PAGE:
Protection – Overarching

Five crosscutting social protection issues have been identified in all districts and are highlighted here.

Firstly, many refugee children are sent to work by their parents who are often forced into this situation due to extreme poverty. Even those children that do attend school during the day often still have to work in the evening / at night. The parents are generally unaware of the hazards and protection risks child labour presents. Greater advocacy both at national policy level and within communities raising awareness about these risks is required.

Secondly, the identification of child protection, domestic violence, early and forced marriages and SGBV issues are severely constrained by the cultural norms within the Afghan refugee and host communities. As a result these issues are substantially underreported. Advocacy within communities raising awareness about basic human rights is required.

Particularly in relation to SGBV incidents, due to cultural / societal taboos, many refugee SGBV survivors are themselves unwilling or unable to seek external help. Often if they do, they are stigmatised within the community. Furthermore, refugee women often do not perceive violence as an offense against them or a violation of their rights. Rather these acts are often considered by refugee women as a practice to be endured. The promotion of women’s rights within these communities is a clear priority. While most Afghans are not willing to discuss such sensitive topics openly, a way needs to be found to effectively raise awareness of SGBV and women’s health services within the Afghan community.

Thirdly, most communities neglect to include women and children in decision making processes. Greater participation of these two groups would help refugees to build stronger, more inclusive communities. Unfortunately, it has been reported that even the organisations providing these services often lack awareness on the importance of equal opportunities for women, which is reflected in these organisations employing more men than women. General protection oriented trainings are required by partner organisations.

Fourthly, a discriminatory attitude by services providers towards non-Pakistanis attempting to avail their services has been reported in a number of districts. General protection oriented trainings for these service providers would help improve the impartiality and neutrality of these services.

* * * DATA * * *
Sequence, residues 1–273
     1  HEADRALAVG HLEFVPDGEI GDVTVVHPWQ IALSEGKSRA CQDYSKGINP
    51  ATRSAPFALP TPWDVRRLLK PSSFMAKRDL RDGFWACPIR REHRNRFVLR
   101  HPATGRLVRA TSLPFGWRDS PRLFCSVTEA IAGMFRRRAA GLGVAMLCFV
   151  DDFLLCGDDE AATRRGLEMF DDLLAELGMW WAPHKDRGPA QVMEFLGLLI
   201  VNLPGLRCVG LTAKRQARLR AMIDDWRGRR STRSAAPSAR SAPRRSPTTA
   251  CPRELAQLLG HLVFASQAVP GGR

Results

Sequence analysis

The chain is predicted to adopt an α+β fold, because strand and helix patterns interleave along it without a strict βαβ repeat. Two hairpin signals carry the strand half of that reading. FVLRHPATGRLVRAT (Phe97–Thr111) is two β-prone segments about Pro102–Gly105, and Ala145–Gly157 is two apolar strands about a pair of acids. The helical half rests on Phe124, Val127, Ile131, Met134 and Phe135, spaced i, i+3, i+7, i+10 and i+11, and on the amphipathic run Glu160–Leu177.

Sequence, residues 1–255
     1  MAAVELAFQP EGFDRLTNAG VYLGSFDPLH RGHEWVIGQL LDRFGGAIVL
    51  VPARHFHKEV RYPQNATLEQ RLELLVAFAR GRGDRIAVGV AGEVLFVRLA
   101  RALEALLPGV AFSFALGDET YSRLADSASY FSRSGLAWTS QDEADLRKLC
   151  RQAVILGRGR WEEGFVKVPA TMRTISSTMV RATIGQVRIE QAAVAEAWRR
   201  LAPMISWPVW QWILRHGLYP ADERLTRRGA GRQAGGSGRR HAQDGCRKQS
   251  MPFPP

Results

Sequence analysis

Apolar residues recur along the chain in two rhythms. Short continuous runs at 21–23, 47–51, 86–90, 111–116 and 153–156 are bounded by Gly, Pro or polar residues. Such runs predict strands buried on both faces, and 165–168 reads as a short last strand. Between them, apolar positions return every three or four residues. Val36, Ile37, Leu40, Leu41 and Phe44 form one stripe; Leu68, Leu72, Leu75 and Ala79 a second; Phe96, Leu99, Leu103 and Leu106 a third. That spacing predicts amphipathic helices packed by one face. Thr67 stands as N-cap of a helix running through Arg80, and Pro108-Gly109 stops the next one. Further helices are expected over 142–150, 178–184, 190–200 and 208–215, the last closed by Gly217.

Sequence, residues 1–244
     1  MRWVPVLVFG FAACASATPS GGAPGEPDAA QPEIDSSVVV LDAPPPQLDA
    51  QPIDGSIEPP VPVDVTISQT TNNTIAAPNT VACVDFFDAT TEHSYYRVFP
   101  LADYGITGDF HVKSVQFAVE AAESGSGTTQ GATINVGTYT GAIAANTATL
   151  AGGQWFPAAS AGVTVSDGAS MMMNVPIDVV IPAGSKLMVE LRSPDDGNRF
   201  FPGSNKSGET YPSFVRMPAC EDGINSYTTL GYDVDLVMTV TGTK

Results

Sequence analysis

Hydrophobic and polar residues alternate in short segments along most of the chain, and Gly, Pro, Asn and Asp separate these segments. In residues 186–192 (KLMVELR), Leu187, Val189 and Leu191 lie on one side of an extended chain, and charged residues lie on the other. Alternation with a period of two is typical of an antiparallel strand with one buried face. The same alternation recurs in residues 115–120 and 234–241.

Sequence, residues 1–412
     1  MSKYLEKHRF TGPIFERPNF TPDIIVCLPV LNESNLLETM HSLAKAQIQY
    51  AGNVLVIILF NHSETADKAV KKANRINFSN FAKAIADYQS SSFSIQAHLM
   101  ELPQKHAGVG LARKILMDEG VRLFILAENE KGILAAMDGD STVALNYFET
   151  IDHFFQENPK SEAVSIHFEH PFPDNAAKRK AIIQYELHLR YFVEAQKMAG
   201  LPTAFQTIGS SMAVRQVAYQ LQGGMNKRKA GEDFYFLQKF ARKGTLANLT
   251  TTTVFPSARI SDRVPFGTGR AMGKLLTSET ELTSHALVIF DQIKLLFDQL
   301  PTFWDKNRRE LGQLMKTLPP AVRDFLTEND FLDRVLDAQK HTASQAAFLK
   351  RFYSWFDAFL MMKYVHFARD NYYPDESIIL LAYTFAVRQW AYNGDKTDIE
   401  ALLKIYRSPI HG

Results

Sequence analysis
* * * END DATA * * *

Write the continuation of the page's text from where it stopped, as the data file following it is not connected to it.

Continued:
Lastly, discrimination because of disabilities is very prevalent and mental health issues in particular are often not diagnosed. Again, advocacy on these issues within refugee communities is direly needed.

Protection – Mirpur

In Mirpur, there are no specific child friendly spaces and no known projects with activities oriented towards adolescents and youth.

The available child protection, SGBV services, referral mechanisms and facilities for people with specific needs are extremely limited. Individuals requiring medical support can attend one of the public hospitals, and for more serious issues can lodge complaints and issues at the police stations. No sustainable community support mechanisms are in place.

Security – Mirpur

In early 2015, incidents of police harassment of Afghan refugees often resulting in their arrest and detention, increased significantly. The rights associated with the PoR card were often not respected with Afghan refugees being treated the same as unregistered Afghan migrants.

No community watch system exists at present. Specific concerns from the refugee communities are related to UNHCR and partner organisations, normally via the helpline.

Greater advocacy on refugees’ rights is required with the relevant government departments and local law enforcement agencies.

WASH – Mirpur

Afghan refugees in Mirpur typically use local hand pumps supplying their drinking and domestic water.

The hygienic condition in rented houses is generally better than in the mud houses typical of slum areas. In these slum areas and even sometimes in rented houses, there is no effective system of toilets for Afghans.